Following is an excerpt from my new book, which will be published this fall. The book focuses on the life-changing journey that I took while building my Studio 904 Salon. I hope you enjoy this small peek inside.
Lending a Helping Hand
Here’s how it all began…
One day in 1982, Richard, a good client of the salon, had an unusual request for me. He was the director of the Northwest Cerebral Palsy Center in Seattle and an active volunteer in the community. As he looked at his finished haircut, pristine as usual, he said to me, “Kay, I was wondering if you could do me a big favor.”
“Sure,” I said, “Go ahead.”
“I was wondering if someone from Studio 904 would be willing to come to the center and give haircuts to the young men who reside there.”
“Don’t they have someone who already cuts their hair?” I asked.
“Well, we do have a few stylists who come and give haircuts, but you should see what they do to our residents. They just carelessly buzz up their hair, making them look more disabled than they already are. These are young men and they care about how they look. I have been trying to think of a way to give them a great-looking haircut just like the one I got today,” said Richard, as he smoothed his hands over his freshly groomed hair.
“Let me see what I can do,” I told him. Read more
Seattle, Washington – Circa 1955
As posted in the North American Post publication on June 9, 2016. Vol. 71, Issue 25
My Journey to Yours by Keiko Kay Hirai
I stood in front of the Seattle Buddhist Church, all dressed up in my new pink sweater and full skirt with pink and grey checks. My black, patent-leather Capezio flats felt a little tight, but I didn’t care. My biggest hope was that I would fit in with the rest of the girls. Read more
I received so many positive comments about this article (published in the North American Post a few weeks ago) that I want to share it with you. Do You Have a Mentor?, part II. If you don’t have a good Mentor like Joe, I suggest you get busy and start looking for one. I can guarantee that you will get a new outlook on life! Read more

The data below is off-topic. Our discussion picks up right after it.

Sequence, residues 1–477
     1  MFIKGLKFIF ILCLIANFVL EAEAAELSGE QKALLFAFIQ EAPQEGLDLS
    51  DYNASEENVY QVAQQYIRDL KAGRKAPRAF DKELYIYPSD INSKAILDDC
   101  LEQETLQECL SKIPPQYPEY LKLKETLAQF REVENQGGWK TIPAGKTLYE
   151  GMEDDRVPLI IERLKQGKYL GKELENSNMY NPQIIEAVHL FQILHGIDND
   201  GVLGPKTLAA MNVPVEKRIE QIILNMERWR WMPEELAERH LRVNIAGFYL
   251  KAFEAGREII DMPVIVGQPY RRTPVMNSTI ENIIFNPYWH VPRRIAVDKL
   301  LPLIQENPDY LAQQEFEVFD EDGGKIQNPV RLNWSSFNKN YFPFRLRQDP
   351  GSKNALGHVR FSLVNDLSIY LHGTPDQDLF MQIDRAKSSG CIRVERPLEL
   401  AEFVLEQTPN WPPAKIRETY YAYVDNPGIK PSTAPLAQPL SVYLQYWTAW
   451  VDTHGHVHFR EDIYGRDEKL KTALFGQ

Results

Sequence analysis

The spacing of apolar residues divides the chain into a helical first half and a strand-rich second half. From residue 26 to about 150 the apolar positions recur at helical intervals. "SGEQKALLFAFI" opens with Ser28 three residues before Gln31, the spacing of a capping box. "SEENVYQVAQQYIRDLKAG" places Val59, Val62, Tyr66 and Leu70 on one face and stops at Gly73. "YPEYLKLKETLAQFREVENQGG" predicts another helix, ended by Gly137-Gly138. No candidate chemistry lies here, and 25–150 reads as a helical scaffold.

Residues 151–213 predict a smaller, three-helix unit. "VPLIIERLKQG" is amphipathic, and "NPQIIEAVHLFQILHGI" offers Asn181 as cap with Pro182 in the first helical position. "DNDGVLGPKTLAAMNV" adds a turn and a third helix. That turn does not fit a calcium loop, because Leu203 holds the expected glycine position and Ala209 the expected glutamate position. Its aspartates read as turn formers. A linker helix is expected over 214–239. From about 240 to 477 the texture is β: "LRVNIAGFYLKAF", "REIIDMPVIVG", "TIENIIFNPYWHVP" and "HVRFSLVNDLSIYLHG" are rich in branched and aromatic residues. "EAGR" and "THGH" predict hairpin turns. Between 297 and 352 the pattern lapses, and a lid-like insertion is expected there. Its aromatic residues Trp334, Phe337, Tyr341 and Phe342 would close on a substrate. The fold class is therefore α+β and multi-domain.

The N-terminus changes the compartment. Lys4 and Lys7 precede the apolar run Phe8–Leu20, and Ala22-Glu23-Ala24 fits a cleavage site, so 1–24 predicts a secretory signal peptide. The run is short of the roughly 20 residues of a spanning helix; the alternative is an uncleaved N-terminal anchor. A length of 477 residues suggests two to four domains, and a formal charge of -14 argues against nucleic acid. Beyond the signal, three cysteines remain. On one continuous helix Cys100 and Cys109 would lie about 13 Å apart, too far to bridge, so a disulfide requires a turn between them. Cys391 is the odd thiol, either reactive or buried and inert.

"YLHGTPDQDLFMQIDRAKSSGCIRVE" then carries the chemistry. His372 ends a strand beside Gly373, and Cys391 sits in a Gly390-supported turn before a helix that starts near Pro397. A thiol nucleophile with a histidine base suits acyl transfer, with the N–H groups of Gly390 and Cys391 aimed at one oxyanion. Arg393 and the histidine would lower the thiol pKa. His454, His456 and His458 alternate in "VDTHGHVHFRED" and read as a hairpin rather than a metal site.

If you don’t have a mentor right now, you might think about searching for one. Why? Because chances are, if you find someone who is a good fit for your personality and lifestyle, you will be able to live your life with more confidence and the reassurance that you are headed in the right direction toward fulfilling your life goals.
What is my definition of a suitable mentor?
A mentor is generally someone who:
- Has a higher understanding or knowledge than you do either in life experiences, in a certain area of expertise, or both
- Shares your values and expectations
- You admire
- You feel comfortable with to share your inner-most feelings
If you find someone who fits this description and this person is willing to spend the time with you either as a friend or as an advisor, consider yourself very lucky.
Why do we need mentors in our lives? As all of us go through the process of “living life,” many obstacles and challenges undoubtedly come our way. These distractions make it almost impossible for us to clearly make our way and remain on course toward achieving our dreams. As a result, the BIG PICTURE is often lost in the process. As you know, it is easy to get an opinion from someone, but it is difficult to decipher the good advice from the bad advice when it is offered to you. Read more
For eight years, I’ve been joyfully stamping, drawing, painting and making pretty things and I want to share my excitement with you.
When people see the things I’ve made, they often say, “I wish I could make things like this, but I don’t have a creative bone in my body!”
My answer to them is, “Yes, you do have creative bones in your body and yes, you can do it!” Read more
Max and his friends at the Dogs Works Ranch.
This article was published in the North American Post on March 10, 2016. If you haven’t seen it, please enjoy reading it here.
During the time I was growing up in Japan, I had a dog named Shiro. She was given to me by an American soldier who was returning to his homeland. I had a difficult time training Shiro because I knew absolutely nothing about the responsibilities of owning a pet. After a lot of trial and error and hours of commitment, however, she eventually became a trusted companion whom I enjoyed spending time with. We had the most loving relationship that anyone could have ever asked for.
After Shiro passed away, I longed for another dog who could bring me as much joy. My prayers were soon answered and in stepped Yumi. She was just as special to me as Shiro, but in a different way. Yumi provided me with so much wisdom in dealing with everyday life that I was prompted to author a book about my key learnings. After several years of cherished companionship, I lost Yumi. Again, I felt like there could never be another dog to replace her and what she meant to me. Read more
When people ask, “What is your book about?” or “Is your book any good?” I get tongue tied. How can I explain the depth and emotion of my own story in just a sentence or two? How can I explain the sorrows and tragedies that my Mother suffered? Read more